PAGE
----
The position of Science Czar is just one of thousands that President-Elect Trump must consider in the coming weeks. The incumbent, John Holdren, was a flawed choice. His fringe views on demographics and environmental policy, expressed in a book he co-authored with Paul Ehrlich (who notoriously wrote the now discredited The Population Bomb), should have disqualified him from the post.
How should scientists respond to the rising tide of anti-scientific sentiment in the world? The backlash against modern technology is widespread: Protests against genetic engineering, vaccines and "chemicals" are just some of the areas of concern. What can scientists do to address this problem?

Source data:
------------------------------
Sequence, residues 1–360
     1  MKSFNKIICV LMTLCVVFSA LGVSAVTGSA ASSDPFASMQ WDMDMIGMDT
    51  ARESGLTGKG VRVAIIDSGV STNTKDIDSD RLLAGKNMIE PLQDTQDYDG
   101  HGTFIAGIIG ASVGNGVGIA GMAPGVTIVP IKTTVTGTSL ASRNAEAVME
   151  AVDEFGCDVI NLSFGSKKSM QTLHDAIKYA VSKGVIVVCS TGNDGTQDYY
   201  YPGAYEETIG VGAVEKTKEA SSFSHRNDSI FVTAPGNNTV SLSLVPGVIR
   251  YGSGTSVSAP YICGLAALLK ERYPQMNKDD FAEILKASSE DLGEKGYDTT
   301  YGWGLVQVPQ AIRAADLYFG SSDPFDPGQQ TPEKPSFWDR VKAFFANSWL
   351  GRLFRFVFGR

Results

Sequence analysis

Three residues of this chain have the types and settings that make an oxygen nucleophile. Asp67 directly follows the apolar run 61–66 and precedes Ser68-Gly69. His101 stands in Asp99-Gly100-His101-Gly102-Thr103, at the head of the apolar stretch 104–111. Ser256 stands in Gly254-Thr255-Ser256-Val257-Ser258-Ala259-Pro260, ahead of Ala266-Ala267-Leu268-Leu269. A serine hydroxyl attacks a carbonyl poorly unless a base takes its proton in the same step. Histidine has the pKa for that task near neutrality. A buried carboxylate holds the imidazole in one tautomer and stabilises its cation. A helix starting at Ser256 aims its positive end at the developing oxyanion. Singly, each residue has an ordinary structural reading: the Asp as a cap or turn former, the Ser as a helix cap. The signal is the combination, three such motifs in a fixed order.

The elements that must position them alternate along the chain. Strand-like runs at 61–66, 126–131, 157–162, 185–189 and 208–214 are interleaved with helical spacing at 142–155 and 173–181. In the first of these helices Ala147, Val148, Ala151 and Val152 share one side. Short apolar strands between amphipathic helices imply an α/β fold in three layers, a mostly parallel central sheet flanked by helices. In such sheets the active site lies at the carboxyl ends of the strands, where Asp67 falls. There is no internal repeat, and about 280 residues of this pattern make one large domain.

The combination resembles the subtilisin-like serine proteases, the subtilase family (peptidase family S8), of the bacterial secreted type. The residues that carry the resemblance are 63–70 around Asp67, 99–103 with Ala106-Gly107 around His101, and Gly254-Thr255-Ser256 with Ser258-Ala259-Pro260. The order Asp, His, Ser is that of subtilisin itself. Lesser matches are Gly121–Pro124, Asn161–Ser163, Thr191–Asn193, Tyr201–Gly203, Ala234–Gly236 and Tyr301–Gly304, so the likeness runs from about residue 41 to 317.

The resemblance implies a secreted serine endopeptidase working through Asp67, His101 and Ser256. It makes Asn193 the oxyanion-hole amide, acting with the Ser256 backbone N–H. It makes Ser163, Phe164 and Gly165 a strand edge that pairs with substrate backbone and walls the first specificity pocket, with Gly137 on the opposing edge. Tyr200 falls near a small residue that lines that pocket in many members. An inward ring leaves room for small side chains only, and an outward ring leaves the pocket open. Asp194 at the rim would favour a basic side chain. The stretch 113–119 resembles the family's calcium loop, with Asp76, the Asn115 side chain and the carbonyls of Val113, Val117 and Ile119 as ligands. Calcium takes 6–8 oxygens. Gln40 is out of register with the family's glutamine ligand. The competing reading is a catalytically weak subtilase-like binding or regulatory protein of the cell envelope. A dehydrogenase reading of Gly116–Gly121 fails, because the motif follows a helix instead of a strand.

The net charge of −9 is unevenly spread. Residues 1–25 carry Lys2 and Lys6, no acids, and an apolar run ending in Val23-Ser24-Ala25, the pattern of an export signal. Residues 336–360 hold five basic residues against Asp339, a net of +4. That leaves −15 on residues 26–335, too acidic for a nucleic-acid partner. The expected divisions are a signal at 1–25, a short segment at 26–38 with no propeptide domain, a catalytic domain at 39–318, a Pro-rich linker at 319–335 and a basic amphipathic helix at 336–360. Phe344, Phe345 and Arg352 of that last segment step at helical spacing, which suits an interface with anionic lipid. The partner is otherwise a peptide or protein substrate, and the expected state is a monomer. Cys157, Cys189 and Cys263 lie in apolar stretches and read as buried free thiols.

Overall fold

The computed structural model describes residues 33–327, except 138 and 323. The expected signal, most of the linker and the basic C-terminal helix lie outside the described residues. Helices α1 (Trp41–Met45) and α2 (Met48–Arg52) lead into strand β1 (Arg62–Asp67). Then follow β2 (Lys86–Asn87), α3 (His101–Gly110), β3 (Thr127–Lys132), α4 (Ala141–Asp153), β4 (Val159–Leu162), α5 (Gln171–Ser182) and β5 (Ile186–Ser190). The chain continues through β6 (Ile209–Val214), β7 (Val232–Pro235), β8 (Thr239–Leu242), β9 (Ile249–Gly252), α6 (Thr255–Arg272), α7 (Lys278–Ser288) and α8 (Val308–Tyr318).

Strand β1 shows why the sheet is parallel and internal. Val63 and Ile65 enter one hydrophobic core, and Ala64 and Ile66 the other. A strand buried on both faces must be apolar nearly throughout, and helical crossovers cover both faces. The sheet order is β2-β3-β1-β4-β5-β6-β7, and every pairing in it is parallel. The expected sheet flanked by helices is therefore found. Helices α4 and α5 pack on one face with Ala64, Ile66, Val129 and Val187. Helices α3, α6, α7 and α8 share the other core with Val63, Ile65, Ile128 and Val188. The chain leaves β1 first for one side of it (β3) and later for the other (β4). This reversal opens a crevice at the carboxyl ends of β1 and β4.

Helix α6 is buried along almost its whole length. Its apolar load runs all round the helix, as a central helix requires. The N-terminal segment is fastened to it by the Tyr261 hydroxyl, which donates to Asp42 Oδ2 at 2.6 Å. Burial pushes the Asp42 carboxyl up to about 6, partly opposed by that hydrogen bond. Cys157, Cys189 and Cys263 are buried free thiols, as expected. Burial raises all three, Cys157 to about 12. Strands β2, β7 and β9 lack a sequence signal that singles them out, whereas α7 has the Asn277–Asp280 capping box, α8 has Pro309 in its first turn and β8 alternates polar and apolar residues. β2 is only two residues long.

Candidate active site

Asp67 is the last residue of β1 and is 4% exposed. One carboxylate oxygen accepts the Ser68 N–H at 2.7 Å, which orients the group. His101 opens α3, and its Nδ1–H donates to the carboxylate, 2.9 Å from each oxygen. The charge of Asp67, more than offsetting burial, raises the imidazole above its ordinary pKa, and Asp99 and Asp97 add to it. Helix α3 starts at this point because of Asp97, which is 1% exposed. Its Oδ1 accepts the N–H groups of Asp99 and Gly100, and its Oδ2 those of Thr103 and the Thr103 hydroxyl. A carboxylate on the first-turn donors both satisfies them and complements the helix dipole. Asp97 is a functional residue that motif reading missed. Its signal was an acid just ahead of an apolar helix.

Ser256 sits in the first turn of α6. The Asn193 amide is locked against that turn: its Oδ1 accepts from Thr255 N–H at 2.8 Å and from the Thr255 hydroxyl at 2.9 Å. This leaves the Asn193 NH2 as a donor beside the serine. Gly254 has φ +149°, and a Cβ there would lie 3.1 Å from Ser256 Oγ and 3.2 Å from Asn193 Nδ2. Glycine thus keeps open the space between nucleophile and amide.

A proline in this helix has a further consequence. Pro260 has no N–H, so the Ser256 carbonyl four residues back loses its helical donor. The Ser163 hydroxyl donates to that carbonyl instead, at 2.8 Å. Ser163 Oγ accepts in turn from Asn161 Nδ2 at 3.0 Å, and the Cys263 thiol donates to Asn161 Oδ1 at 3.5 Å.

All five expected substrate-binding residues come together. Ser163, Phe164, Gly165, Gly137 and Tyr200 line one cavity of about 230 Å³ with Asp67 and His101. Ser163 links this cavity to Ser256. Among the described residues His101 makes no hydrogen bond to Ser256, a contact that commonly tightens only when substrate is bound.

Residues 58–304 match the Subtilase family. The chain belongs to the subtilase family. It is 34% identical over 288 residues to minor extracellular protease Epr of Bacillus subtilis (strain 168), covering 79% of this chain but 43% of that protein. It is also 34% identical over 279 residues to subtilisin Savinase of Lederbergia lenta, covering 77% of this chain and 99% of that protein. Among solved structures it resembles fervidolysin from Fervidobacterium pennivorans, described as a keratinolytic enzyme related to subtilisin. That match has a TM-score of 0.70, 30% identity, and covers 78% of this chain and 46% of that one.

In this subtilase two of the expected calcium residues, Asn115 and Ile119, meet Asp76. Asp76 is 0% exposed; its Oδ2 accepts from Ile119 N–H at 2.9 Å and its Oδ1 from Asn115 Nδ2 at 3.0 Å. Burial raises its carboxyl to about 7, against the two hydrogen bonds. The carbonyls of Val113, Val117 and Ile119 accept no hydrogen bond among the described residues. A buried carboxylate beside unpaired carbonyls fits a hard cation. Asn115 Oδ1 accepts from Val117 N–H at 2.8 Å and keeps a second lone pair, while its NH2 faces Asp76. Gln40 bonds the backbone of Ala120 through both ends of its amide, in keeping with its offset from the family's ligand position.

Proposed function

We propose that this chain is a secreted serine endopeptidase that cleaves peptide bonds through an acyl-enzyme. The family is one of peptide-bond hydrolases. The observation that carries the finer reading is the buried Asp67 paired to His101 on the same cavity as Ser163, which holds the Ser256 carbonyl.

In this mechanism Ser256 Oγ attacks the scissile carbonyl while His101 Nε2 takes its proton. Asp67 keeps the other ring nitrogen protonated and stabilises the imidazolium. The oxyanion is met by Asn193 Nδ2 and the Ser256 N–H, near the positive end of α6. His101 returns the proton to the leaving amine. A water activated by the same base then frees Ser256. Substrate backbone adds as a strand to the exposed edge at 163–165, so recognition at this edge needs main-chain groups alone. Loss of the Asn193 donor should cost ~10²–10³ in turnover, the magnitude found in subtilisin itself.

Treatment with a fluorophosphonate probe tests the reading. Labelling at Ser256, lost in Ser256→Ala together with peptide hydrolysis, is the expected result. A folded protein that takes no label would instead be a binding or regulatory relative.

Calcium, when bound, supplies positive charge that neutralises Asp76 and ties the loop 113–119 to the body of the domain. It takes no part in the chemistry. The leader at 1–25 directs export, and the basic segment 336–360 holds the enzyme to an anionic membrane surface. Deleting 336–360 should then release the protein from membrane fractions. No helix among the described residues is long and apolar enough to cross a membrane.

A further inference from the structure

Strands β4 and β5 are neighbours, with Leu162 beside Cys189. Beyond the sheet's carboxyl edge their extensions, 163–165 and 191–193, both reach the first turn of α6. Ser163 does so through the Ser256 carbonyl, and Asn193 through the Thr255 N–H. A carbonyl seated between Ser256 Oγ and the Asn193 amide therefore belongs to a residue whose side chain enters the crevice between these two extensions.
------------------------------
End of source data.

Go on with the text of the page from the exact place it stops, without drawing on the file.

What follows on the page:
Perhaps more so than in any election in recent memory, the two major party presidential candidates have shown a shocking willingness to abandon the truth at a moment's notice. Twitter was ablaze after it was announced that Hillary Clinton and Donald Trump answered the questions posed by Science Debate 2016. But considering their inconsistencies, how seriously should we take their answers?